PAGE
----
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23.05.2024, 02:17

The Righteous as a model of humanity

Interview with Mateusz Szpytma, PhD, deputy president of the IPN, initiator and first head of the Ulma Family Museum of Poles Saving Jews during World War II, and honorary member of the Polish Society of the Righteous Among the Nations, published in 2017 in the “IPN Bulletin”.

The Righteous as a model of humanity

Interview with Mateusz Szpytma, PhD, deputy president of the IPN, initiator and first head of the Ulma Family Museum of Poles Saving Jews during World War II, and honorary member of the Polish Society of the Righteous Among the Nations, published in 2017 in the “IPN Bulletin”.


We are talking on the occasion of the 75th anniversary of the founding of the Council to Aid Jews “Żegota”. How do you assess Poland’s attitude towards the Holocaust during the war?

The Polish state behaved as it should, it fulfilled its obligations, it fought and it did not capitulate. Not for a second during the war did it participate in the crimes of totalitarianism. We made no treaty with the Germans, there was no transfer of power, etc. From the first to the last day of the war, Poland was always on the right side, which also had consequences in the relationship between ethnic Poles and those of Jewish origin. There was no governmental, institutional collaboration with the German occupier. On the other hand, different attitudes are revealed in every society during the war. There are heroes and traitors, and people overwhelmed by reality who stand by, whether they sympathise or not. Similarly, we have seen a whole range of behaviours in the Polish society. I am often asked whether there was much or little help for the Jews. Looking at how much there was to do, how many people in need there were, it is fair to say that there was not enough. On the other hand, observing the situation of the Poles, given that they faced the death penalty (and we know that in Western Europe the German occupation was less harsh, and, for example, there were only financial penalties for rescuing Jews) - the number of people rescuing Jews can be considered significant.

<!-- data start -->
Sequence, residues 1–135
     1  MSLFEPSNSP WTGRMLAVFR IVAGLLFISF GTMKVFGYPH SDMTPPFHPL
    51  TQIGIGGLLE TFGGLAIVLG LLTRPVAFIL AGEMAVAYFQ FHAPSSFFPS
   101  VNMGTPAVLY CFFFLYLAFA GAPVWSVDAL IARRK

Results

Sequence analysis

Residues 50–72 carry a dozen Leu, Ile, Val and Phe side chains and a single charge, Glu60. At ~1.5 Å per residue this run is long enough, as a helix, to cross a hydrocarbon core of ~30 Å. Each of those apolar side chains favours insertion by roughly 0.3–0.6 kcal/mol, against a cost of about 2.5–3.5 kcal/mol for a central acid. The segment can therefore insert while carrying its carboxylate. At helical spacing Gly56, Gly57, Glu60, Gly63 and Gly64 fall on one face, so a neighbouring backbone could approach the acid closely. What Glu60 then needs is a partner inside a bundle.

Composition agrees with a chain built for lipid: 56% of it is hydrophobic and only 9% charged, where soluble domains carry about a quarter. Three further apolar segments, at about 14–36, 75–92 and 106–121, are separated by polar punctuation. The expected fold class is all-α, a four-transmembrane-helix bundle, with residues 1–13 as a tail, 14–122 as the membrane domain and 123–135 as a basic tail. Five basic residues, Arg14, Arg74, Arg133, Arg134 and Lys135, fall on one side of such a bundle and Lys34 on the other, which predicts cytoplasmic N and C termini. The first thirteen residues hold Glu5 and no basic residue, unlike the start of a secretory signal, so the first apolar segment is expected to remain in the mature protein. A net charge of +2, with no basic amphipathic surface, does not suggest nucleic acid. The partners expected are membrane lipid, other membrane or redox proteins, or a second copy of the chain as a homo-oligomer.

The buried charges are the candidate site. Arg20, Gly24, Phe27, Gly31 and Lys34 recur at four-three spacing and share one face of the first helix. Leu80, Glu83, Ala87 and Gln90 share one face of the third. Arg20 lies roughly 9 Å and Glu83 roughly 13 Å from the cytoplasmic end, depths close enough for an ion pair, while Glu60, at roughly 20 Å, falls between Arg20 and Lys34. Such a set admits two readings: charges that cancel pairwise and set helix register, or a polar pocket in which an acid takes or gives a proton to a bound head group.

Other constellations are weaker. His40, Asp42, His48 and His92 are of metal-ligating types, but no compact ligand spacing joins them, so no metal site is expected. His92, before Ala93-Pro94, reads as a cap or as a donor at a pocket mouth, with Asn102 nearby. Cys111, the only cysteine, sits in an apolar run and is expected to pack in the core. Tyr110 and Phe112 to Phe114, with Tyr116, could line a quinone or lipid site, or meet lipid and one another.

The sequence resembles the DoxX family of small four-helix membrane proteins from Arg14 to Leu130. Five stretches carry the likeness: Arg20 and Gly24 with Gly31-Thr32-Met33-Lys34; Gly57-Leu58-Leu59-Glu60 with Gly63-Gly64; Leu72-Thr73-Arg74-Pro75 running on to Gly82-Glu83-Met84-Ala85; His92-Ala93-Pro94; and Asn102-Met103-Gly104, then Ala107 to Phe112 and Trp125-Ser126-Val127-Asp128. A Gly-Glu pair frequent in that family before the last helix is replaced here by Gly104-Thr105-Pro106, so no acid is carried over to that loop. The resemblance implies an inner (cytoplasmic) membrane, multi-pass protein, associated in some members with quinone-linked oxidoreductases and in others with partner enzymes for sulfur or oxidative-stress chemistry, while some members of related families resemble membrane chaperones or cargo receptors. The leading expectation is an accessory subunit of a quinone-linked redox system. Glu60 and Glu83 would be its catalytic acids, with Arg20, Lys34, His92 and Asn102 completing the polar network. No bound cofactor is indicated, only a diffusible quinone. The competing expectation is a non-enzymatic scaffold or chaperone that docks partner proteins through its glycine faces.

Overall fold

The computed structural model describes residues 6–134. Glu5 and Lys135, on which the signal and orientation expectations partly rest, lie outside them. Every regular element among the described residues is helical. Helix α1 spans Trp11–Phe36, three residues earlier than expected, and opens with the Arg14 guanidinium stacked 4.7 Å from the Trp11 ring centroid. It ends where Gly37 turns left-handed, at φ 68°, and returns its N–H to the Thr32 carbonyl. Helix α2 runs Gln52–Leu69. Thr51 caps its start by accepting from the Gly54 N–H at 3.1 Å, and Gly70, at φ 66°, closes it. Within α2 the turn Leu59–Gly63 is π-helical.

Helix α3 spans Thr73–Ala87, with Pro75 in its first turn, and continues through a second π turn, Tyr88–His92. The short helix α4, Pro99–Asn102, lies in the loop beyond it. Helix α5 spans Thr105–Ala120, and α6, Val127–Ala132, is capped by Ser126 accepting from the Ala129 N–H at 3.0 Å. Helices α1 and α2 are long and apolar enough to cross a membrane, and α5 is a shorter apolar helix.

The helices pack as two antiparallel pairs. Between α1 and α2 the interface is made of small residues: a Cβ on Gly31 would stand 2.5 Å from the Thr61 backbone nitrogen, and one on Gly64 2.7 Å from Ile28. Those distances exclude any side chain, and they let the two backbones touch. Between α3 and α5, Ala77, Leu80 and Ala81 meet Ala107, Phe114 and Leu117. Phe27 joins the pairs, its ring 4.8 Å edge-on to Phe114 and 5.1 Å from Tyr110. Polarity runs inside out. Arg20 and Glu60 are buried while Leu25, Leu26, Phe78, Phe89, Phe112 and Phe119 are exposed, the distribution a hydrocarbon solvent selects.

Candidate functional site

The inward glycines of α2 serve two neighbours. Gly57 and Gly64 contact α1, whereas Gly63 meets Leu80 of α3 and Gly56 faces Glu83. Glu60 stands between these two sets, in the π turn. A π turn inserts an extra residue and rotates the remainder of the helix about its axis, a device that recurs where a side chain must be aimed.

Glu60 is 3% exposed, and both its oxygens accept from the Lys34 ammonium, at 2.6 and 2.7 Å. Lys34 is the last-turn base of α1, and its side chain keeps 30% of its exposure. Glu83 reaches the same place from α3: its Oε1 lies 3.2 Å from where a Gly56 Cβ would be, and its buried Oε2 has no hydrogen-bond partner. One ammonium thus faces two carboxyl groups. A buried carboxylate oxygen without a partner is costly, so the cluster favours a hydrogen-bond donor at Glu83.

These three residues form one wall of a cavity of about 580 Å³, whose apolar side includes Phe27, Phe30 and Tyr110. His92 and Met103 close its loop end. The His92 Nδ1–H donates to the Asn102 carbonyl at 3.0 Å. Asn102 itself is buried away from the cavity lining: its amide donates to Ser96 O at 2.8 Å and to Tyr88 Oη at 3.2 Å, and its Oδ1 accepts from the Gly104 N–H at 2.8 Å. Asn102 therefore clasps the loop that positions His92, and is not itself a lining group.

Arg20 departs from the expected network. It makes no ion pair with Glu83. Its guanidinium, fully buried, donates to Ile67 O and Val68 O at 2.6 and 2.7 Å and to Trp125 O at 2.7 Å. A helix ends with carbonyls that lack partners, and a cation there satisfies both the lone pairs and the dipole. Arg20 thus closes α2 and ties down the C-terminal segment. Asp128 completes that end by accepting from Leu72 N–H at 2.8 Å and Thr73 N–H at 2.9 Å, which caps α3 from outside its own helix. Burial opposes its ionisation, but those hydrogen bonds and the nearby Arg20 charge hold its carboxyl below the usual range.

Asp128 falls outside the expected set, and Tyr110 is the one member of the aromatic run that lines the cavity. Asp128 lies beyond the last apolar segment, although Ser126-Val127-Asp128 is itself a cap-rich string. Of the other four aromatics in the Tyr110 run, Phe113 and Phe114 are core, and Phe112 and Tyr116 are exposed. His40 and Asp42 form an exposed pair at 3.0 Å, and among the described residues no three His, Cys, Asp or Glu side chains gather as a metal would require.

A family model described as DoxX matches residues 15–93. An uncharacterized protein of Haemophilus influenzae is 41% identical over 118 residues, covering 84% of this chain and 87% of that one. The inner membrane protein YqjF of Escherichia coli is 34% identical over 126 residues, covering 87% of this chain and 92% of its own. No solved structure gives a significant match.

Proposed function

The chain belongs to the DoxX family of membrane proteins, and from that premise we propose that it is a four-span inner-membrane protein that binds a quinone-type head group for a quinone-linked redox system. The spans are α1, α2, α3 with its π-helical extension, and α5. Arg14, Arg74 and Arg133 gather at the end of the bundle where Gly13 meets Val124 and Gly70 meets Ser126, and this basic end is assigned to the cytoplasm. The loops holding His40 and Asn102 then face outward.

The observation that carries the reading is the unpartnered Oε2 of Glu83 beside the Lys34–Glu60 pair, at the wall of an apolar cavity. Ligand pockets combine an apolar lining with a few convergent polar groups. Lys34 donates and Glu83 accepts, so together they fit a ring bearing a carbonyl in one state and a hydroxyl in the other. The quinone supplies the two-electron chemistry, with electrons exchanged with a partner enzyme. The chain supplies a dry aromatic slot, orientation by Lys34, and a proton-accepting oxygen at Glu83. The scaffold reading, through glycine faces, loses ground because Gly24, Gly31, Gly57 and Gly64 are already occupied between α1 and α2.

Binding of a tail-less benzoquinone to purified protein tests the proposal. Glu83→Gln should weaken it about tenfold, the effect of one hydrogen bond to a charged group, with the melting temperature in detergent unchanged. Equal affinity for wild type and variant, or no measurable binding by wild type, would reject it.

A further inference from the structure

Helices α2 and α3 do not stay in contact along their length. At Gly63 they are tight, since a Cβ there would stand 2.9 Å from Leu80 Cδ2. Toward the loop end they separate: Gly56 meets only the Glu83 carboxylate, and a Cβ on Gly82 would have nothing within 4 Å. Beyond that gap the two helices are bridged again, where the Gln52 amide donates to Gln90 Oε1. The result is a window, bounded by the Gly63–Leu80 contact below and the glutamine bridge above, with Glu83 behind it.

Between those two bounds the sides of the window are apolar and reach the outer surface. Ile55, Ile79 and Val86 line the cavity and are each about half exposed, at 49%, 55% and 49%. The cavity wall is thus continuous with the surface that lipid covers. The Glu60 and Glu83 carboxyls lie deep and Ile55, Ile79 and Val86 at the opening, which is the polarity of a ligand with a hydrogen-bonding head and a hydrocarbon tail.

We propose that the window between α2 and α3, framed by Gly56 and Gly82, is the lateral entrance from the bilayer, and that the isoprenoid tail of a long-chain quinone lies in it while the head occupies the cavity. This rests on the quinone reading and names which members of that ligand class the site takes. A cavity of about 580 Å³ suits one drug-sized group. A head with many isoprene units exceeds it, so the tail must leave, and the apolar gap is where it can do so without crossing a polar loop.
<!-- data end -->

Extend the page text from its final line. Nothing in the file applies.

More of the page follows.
Maybe there was no institutional collaboration because the Germans were not interested in it?

In 1939 Poland could have requested capitulation negotiations instead of fighting to the end. As France did in 1940. This would mean accepting the Germans’ terms. This would have been convenient for them for various reasons, including propaganda. But this was not an option, because Poland was not going to capitulate. And it did not intend to collaborate with the Germans. The fact that the Germans did not create a competing “pseudo government” was due to various reasons. But the fact is that they did not have the support here that, for example, Vidkun Quisling gave them in Norway. They also took that into account. They probed various people, such as former three-time Prime Minister of the Second Republic Wincenty Witos. But to no effect.

The Register of Facts of Repression against Polish Citizens for Helping the Jewish Population during World War II, available in the IPN digital library, also mentions other punishments applied in occupied Poland.